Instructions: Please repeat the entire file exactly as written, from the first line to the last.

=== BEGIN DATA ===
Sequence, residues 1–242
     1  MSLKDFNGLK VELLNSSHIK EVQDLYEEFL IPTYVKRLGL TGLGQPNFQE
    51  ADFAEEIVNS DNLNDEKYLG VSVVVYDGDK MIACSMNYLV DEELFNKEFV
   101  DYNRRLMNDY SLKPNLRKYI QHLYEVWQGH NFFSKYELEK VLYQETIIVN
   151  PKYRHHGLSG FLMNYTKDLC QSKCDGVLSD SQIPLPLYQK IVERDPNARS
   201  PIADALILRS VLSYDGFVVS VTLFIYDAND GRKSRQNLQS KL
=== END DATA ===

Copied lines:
Sequence, residues 1–242
     1  MSLKDFNGLK VELLNSSHIK EVQDLYEEFL IPTYVKRLGL TGLGQPNFQE
    51  ADFAEEIVNS DNLNDEKYLG VSVVVYDGDK MIACSMNYLV DEELFNKEFV
   101  DYNRRLMNDY SLKPNLRKYI QHLYEVWQGH NFFSKYELEK VLYQETIIVN
   151  PKYRHHGLSG FLMNYTKDLC QSKCDGVLSD SQIPLPLYQK IVERDPNARS
   201  PIADALILRS VLSYDGFVVS VTLFIYDAND GRKSRQNLQS KL